Denver Walking Tour: 17th Avenue Dining, Capitol Hill and the 16th Street Mall

Well….. I hope you all somehow survived the election and we can get back to our lives. And, by the way, Happy Veteran’s Day to all those who have served. A big thank-you!

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This week I am posting the last of my “Denver suite” articles. They are all from my trip to the Mile-High City last summer. I wrap up the series with a walking tour and photos, with some restaurants and points of interest along the way. As you know if you read my Queen Anne Bed and Breakfast post, my husband and I stayed at that lovely urban oasis back in June. On our last morning in the city, we started from there after our wonderful organic breakfast in the garden.

We made our way up to the nearby 17th Avenue restaurant row. Although it was too early for anything to be open at that hour, I got a picture of Ace restaurant‘s airplane-tailfin sign. Ace is a “ping-pong hall” as opposed to pool hall I guess, with pan-Asian fare. Steuben’s, a local institution, in the background, serves up American food like mac-n-cheese, fried chicken and pot roast.

ace-steubens-denver

We were told this was a lively dinner district, and indeed it was when we went back for burgers at the Tavern Uptown later that night. I see from their website they are under renovation right now, which is great, because the place was VERY loud, worn and pretty greasy. However, everyone seemed to be enjoying themselves and the food and beers were delicious.

After 17th Avenue we made our way to the State Capitol building, seen here with the extra-whammy HDR effect:

denver-capitol

From there we wended down Colfax Avenue and saw the Denver Post building:

denver-post-building

One thing I was curious about was the legalized marijuana situation in Denver. No, I didn’t buy or smoke any when I was there, but I will say that the places selling weed and seeds and paraphernalia are rather lower-key than I expected. I only saw a couple of shops the entire trip, I only smelled it once, and saw it only once, downtown near here where two guys were rolling a joint together, kind of like winos sharing a bottle. But the economic effect of this booming city and its progressive attitudes were more than evident everywhere we went.

We ended up at the 16th Street Mall, a wide expanse of pedestrian-friendly shopping. I thought of it as Denver’s Champs-Élysées.

denver-16th-street-mall

The best part was a totally free bus line that runs up and down the otherwise traffic-free street every few minutes, connecting with other bus and train lines at Union Station. It was good to hop it after our trek.

In the wide median of 16th, there are many public art objects, such as funky chess tables:

denver-16th-st-mall-chess-tables

…and cleverly-named food kiosks:

denver-wiki-pita

The banner in the upper left corner of the photo above advertises Denver’s take-your-bike-to-work day, part of the city’s Bike Month (June). You can stop in Skyline Park on Pedal for Pancakes day and get a free pancakes-and-sausage breakfast..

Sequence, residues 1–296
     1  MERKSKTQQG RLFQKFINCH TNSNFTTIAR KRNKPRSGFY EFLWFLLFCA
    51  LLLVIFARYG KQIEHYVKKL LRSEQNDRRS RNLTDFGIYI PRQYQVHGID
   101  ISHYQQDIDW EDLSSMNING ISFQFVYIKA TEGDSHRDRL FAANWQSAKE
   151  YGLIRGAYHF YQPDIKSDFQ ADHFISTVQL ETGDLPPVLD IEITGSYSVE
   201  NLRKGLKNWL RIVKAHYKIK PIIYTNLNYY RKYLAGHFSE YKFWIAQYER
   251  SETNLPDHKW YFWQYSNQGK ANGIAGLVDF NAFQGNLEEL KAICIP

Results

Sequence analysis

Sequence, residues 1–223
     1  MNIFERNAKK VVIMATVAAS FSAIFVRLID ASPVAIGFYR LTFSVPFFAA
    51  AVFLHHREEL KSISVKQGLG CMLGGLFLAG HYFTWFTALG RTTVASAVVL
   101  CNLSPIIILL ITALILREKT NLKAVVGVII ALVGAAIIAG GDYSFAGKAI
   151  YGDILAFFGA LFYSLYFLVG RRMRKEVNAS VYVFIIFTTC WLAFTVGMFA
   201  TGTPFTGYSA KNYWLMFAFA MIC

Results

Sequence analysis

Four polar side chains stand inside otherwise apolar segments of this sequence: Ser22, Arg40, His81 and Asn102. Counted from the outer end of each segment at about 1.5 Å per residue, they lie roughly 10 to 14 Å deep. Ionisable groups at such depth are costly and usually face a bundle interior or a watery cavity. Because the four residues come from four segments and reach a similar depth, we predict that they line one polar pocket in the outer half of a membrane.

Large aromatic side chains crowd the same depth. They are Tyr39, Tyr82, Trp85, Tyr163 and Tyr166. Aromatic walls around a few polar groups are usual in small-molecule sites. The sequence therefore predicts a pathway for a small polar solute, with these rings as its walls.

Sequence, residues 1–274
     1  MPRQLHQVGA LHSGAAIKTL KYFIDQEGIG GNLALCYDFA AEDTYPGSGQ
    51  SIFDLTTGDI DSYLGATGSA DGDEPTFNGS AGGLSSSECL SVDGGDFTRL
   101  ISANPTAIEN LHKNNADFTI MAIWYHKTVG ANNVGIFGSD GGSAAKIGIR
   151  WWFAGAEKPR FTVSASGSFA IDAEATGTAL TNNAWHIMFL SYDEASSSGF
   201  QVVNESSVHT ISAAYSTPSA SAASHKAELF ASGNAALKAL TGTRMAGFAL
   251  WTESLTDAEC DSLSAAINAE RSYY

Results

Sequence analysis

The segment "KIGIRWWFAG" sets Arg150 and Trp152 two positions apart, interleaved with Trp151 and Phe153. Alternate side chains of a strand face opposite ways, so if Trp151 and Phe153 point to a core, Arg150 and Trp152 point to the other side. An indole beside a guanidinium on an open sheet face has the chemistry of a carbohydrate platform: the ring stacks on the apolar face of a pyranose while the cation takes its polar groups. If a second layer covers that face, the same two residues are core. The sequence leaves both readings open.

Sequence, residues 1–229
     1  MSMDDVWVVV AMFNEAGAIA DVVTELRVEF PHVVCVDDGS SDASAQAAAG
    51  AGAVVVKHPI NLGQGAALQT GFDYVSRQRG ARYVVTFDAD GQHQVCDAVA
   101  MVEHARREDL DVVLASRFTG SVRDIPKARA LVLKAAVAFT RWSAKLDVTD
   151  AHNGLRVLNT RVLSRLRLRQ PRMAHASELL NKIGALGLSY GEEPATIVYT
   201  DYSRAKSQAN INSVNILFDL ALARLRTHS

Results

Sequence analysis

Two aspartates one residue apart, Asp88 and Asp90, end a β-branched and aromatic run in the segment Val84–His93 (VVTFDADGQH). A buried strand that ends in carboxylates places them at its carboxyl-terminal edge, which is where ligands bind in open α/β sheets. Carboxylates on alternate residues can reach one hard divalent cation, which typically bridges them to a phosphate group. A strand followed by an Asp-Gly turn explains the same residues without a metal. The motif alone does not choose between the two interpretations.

In addition to the upscale shopping stores on both sides of the street, you find more food kiosks:

oasis-mexican-grill-denver-16th

… festively-painted pianos and plastic cattle:

denver-street-piano

That picture was snapped at an unfortunate moment for the woman who looks like the bull is about to gore her. Sorry.

The Mall has super-friendly city volunteer guides:

denver-volunteer-guide

…and cool brass water main covers:

denver-water-dept-brass

While there we visited the Federal Reserve Bank Museum:

denver-federal-reserve Inside we got free money (about $165 but, unfortunately, consisting only of shredded bills taken out of circulation):

free-money-denver-reserve

…and saw fairly interesting displays about the history of currency in the United States. I got to see an actual double eagle. I also got to see what $30 million looks like all in one place:

thirty-million-dollars

None of that money was free, but admission to the museum was!

After doing some shopping and having lunch at the train station, we made our way, via Uber, to the Baker District, an old neighborhood in the process of becoming gentrified. We went there on the advice of our BnB owner who said we should try Sweet Action Ice Cream. He wasn’t wrong! They have a wide expanse of window open to the street, though you have to go in to get your ice cream.   sweet-action-counter

The serving size was enormous, or maybe I am just used to the gelato-scoop size in Europe still. Either way, it was tasty! And I have to give them props for declaring themselves “a Denver institution since March 2009” on the menu board, which was a chalkboard-paint square on one wall:sweet-action-menuSo, the Denver series is complete. Guess that means it’s time for another trip out West for me!

Photo for No Apparent Reason:

highheel-sidewalk-sign

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